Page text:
AbstractObjectives & Background
Within emergency medicine there is a demand for non-invasive techniques to measure patient observations. Within resuscitation of unwell patients, measuring Cardiac Output (CO) and Systemic Vascular Resistance (SVR) is carried out in intensive care environment using invasive techniques. In this study we trialled the use of two non-invasive Cardiac Output monitors to assess their feasibility and agreement. The USCOM (USCOM) is a suprasternal Doppler device that uses ultrasound technology and has been extensively researched within clinical medicine. The Niccomo (Medis) device is a novel biothoracic impedance monitor.Methods
Patients were recruited as part of the ‘multi-modality monitoring in the emergency department’ trial, University Hospital Leicester NHS trust (UHL). Adult patients with a wide range of clinical conditions presenting to the ED who were able to consent were recruited to the study. Devices were attached as per manufacturer instructions, with standard medical care ongoing throughout the study. Data was analysed using R statistical computation.Results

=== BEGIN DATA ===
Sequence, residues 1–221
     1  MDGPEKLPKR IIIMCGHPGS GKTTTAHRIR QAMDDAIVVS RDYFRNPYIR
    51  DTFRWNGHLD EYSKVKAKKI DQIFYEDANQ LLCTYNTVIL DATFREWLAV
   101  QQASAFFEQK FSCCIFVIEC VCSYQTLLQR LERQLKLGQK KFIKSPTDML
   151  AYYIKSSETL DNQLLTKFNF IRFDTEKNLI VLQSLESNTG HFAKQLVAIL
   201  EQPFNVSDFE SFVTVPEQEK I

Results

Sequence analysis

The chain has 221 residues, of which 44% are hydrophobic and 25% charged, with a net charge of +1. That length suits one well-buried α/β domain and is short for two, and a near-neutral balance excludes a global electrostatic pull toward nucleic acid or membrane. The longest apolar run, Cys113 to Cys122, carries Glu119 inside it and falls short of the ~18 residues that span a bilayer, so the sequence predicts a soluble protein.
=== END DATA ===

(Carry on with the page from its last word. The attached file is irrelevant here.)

215 patients were included in the study with an age range 18–95 years. 93 patients had readings for both modalities. Figure 1 represents a Bland-Altman comparing average CO readings of USCOM vs Niccomo with the global average USCOM reading was considerably lower than the Niccomo device. Figure 2, shows SVR of USCOM vs Niccomo, this again highlighted a large difference between measurements.Conclusion
This study revealed the Niccomo measured CO and SVR readings similar to the expected range of patients in this study. However, the USCOM revealed a significantly lower reading for CO and a higher SVR reading than the Niccomo. Further work needs to be undertaken to assess the clinical utility of the different methods to measure cardiac output. The study emphasises that different non-invasive methods of cardiac assessment are not interchangeable.